The prolific Carlo Francesco Nuvolone first studied with his father, a late Mannerist painter of religious works and still lifes, and subsequently at the Accademia Ambrosiana in Milan, where he met Giulio Cesare Procaccini. Nuvolone's early work displays awareness of the latest developments in Milanese art through his stylistic debt to Procaccini. From Procaccini come the sweet facial expressions on Nuvolone's figures and his delicate modulation of light and shade.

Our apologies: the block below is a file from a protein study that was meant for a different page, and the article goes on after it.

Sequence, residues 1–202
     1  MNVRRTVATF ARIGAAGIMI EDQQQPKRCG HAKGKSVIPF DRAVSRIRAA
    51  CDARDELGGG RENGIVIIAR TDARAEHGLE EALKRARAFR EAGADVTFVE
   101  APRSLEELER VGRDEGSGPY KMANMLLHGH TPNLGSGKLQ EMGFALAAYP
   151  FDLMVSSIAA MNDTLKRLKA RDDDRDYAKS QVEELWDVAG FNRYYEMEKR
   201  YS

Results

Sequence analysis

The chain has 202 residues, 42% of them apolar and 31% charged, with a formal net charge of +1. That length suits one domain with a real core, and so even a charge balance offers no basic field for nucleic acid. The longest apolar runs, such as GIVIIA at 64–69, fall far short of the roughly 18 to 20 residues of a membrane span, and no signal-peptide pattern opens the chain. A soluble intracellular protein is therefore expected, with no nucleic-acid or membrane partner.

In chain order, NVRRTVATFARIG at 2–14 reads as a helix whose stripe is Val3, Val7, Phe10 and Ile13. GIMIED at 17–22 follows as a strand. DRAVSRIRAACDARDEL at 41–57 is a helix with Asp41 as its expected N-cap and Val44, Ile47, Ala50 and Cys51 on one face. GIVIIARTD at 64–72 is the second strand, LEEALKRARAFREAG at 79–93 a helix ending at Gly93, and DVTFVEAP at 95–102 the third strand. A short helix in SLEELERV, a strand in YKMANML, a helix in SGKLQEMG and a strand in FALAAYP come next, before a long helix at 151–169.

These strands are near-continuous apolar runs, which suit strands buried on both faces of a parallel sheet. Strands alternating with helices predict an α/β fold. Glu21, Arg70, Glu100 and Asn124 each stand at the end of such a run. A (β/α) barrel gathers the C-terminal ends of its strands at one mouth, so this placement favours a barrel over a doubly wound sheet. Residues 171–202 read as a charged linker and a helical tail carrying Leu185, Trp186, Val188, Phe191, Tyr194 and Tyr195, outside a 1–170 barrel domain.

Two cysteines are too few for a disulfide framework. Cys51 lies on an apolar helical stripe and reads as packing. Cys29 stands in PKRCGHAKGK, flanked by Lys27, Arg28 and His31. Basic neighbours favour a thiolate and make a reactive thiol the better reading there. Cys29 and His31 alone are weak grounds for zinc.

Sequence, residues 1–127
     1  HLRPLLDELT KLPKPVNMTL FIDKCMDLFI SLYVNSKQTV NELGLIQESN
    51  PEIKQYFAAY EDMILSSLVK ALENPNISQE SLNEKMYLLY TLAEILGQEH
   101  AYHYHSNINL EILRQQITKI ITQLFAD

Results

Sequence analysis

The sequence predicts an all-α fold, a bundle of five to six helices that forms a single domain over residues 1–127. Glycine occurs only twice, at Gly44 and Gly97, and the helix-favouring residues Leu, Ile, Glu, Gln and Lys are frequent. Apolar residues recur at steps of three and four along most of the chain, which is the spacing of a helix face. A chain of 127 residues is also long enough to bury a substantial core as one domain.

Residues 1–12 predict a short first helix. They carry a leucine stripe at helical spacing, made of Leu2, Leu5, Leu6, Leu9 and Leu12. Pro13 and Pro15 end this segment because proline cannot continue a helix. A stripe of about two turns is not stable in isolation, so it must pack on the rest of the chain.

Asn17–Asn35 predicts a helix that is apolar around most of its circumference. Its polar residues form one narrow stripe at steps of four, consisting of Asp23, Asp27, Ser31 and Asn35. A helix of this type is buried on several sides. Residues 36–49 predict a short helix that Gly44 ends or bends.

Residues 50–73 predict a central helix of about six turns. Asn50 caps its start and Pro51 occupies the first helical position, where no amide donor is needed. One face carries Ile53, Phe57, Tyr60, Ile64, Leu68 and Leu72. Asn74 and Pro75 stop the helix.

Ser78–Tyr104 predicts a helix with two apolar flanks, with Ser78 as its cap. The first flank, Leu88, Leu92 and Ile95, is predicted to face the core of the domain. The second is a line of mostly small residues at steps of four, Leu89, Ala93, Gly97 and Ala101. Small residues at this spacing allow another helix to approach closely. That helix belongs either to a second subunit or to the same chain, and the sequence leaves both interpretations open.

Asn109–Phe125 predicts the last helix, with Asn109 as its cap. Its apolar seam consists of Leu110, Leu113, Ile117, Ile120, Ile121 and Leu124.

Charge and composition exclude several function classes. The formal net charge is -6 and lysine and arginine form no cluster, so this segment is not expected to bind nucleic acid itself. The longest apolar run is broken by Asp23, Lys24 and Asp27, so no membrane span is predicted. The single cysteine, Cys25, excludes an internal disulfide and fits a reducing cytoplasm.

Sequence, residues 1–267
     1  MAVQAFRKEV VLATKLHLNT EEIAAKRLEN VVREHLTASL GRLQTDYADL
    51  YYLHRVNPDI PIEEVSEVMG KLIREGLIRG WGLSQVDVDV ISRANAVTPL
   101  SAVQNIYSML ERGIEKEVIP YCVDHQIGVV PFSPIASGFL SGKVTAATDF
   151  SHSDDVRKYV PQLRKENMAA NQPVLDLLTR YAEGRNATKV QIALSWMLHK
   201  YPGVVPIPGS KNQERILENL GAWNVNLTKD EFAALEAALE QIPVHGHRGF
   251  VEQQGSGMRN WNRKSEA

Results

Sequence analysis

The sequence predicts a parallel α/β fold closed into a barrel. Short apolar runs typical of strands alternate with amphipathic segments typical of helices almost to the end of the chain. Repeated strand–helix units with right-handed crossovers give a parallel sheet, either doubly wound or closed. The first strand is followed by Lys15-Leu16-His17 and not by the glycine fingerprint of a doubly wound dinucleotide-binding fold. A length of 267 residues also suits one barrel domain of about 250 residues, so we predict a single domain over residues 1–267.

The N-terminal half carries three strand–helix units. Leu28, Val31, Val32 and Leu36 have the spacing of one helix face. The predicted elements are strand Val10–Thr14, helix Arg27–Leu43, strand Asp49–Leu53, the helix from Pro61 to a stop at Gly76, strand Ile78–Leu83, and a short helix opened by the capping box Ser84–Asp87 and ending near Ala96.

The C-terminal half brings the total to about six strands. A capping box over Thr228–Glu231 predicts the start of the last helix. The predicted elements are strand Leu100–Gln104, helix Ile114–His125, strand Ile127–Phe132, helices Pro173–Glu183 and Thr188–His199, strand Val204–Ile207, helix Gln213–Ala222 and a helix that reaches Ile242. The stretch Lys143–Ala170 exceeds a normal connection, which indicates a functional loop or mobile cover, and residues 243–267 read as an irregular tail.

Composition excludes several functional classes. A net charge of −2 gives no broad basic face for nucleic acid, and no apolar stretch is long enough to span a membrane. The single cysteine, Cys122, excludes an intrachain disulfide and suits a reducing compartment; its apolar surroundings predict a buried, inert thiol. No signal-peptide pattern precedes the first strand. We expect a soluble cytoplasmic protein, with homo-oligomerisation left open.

Scholars sometimes attribute the soft, atmospheric quality of his paintings to knowledge of Bartolomé Esteban Murillo's art, but it is unclear how Nuvolone could have known of Murillo's work. In time, Nuvolone's style developed from an early tenebrist manner to a light tonality, which may reflect the influence of Guido Reni. Nuvolone, who was from Lombardy, was nicknamed "Guido lombardo." Nuvolone's many altarpieces of the 1640s suggest an awareness of Anthony van Dyck's vibrant, painterly manner.
Sometimes assisted by his brother Giuseppe, Nuvolone received many ecclesiastical commissions for easel paintings and frescoes. He was also a gifted portrait painter and ran an active school. His works can be seen in numerous Milanese churches.